The iPhone has entered the prepaid world, and that’s big news.
We discuss the implications and our hopes that this can disrupt Verizon, AT&T and Sprint (maybe T Mobile?).
We also discuss some very interesting Twitter data from a new Pew report and AOL threatening a blogger for doing what AOL Huffington Post does.
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We begin by discussing my experience at BarCamp NewsInnovation Philadelphia, one of the best (un)conferences around. It brings together journalists and technologists.
What I really like about events like BCNI is that people take the sessions seriously and the audience is engaged and asks lots of questions. The sessions really become great Socratic debates. No one is proposing a session just so they can get in free; BCNI costs $5 and came with free breakfast, lunch and dinner.
The event led me to write a post about taking news beyond the narrative form based on a session I attended.
We then discuss the whole Washington Post blogPost mess. We have to ask, who really made the ethical lapse at the Post?
Also, Jeremy thinks that working on blogPost is the worst entry-level journalism job he has ever heard of.
There are also a few good rants. So buckle up.
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The Washington Post’s Ombudsman Patrick Pexton says the Post has failed some of its young journalists:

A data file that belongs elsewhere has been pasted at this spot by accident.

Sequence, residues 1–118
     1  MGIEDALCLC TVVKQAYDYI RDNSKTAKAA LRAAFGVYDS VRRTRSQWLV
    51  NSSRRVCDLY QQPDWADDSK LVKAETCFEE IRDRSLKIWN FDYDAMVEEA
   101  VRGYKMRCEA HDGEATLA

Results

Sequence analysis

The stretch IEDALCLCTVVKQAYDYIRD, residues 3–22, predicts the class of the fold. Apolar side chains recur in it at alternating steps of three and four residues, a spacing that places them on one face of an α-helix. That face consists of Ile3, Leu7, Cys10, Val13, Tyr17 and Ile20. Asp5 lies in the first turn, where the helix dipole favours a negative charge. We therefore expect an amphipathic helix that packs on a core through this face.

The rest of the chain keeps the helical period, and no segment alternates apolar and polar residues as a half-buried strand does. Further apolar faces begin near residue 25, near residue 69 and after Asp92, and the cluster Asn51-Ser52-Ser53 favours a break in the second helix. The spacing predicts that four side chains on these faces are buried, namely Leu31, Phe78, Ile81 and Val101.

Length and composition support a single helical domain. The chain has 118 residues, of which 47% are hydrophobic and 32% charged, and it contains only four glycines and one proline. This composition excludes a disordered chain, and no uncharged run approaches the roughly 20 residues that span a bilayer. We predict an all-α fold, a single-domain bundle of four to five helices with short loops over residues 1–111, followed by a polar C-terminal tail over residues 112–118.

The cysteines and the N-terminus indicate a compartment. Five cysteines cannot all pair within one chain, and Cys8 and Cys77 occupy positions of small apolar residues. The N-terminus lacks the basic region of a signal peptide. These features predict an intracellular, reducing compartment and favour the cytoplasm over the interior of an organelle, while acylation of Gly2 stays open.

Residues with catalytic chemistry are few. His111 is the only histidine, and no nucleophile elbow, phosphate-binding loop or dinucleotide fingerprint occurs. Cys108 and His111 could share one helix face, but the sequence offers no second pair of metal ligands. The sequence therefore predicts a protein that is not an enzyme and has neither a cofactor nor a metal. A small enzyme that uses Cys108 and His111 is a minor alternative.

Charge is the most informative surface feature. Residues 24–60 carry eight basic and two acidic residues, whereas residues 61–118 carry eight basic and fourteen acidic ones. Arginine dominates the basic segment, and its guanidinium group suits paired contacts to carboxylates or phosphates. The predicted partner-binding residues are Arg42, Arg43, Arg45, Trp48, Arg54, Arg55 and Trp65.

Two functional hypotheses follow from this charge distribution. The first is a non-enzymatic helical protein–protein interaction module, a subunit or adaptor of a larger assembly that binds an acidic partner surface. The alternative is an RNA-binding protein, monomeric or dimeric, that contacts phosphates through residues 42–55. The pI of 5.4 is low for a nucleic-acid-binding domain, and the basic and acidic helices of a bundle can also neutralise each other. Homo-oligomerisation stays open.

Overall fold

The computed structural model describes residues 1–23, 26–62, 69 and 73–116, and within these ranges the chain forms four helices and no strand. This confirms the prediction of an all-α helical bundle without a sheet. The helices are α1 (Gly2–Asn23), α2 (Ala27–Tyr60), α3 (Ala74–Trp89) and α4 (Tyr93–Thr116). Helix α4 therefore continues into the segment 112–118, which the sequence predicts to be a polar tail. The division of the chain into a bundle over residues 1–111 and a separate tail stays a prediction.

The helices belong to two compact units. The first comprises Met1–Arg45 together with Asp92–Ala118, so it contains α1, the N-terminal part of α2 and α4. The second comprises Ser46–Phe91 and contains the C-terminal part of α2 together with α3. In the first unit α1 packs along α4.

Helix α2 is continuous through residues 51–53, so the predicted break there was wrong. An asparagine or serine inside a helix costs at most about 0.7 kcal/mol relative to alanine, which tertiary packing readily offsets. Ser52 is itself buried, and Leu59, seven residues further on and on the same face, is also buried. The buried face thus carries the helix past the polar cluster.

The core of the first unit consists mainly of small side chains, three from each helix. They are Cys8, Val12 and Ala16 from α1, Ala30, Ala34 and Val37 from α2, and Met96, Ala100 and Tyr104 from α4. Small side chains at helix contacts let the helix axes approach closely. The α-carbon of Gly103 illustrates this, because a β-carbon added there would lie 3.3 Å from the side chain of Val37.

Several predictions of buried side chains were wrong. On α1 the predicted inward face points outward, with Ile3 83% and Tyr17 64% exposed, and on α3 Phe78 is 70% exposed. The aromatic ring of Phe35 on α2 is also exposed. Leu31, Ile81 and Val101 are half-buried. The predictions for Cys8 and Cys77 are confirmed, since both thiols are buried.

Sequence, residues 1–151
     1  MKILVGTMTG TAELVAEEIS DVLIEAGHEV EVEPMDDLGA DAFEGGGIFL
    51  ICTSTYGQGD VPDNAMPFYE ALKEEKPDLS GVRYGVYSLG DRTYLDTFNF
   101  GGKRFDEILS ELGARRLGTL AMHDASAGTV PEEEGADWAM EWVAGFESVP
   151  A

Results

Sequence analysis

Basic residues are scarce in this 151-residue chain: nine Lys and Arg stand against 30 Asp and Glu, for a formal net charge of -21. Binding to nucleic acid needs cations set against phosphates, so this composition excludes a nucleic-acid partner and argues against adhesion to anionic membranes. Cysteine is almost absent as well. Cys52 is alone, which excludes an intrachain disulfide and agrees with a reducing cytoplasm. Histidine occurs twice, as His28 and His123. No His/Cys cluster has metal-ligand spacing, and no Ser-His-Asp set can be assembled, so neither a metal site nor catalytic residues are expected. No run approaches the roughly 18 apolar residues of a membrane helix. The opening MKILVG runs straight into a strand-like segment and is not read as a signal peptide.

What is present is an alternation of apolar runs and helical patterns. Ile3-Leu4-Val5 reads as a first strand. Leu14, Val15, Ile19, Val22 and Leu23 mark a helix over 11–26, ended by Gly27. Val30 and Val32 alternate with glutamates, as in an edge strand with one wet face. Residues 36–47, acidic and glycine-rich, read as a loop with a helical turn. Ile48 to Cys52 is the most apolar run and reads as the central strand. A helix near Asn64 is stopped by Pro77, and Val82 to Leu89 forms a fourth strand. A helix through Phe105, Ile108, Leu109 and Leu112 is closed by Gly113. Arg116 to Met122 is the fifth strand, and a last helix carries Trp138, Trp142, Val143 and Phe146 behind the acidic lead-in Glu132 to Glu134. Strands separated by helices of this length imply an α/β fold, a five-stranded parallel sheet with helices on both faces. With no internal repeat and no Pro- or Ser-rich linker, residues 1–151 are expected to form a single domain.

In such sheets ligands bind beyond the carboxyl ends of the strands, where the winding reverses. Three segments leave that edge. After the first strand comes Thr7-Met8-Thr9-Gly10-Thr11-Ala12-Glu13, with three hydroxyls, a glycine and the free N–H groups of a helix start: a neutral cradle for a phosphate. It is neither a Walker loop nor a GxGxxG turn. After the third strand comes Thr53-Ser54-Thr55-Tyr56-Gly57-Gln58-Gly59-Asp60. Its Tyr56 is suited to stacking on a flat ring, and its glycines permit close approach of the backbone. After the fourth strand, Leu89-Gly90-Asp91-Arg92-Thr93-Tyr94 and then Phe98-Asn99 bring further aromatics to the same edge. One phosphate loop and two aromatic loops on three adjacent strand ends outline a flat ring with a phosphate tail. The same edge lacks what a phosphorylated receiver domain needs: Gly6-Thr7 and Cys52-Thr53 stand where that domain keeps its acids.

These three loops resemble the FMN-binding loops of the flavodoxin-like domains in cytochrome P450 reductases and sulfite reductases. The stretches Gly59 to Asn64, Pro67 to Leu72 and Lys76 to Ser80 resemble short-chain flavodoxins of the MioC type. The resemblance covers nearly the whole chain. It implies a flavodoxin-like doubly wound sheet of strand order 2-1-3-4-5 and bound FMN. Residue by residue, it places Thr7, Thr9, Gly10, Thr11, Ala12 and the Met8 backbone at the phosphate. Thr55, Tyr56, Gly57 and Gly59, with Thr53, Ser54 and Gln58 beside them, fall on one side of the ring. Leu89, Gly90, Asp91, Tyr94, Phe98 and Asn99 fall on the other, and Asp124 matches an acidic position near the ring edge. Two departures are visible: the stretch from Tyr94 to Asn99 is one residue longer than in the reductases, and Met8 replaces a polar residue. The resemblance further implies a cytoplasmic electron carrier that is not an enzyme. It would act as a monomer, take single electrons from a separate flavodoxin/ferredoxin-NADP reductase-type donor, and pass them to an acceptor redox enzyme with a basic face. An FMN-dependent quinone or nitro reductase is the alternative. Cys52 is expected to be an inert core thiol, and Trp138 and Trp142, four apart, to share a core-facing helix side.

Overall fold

But The Post failed her as much as she failed The Post. I spoke with several young bloggers at The Post this week, and some who have left in recent months, and they had the same critique.
They said that they felt as if they were out there alone in digital land, under high pressure to get Web hits, with no training, little guidance or mentoring and sparse editing. Guidelines for aggregating stories are almost nonexistent, they said. And they believe that, even if they do a good job, there is no path forward. Will they one day graduate to a beat, covering a crime scene, a city council or a school board? They didn’t know. So some left; others are thinking of quitting.
Without guidelines, training and vision from the top how can you say a blogger failed?
Source: Washington Post.
Trevor Butterworth at the The Awl says former Washington Post blogger Elizabeth Flock was setup to fail:
How can this be a “significant ethical lapse” when the whole point of blogPOST is to profit from other people’s work? Because she drew attention to the essence of what aggregation really is? The story ends with Discovery protesting at being obviously burgled rather than being burgled and left with a thank you note in the form of a small trickle of click-throughs. Ms. Flock immediately and voluntarily resigned, saying the mistakes were hers, that it would only be a matter of time, given the pressures of the job, before she made another mistake. The full extent of her journalism crime was the omission of a link.
An 11 hour day, seven posts, almost 3,000 words and getting pushed out over making a mistake less than 1 percent of the time.
I encourage you to read everything Butterworth wrote. It’s a keeper, and I hope editors at the Post read it. Butterworth and I may defer on whether or not we believe that aggregation can be done well (I do believe it can), but top editors at the Post need to have clear guidelines for what they expect from bloggers and figure out a strategy that provides value for all.
Source: The Awl.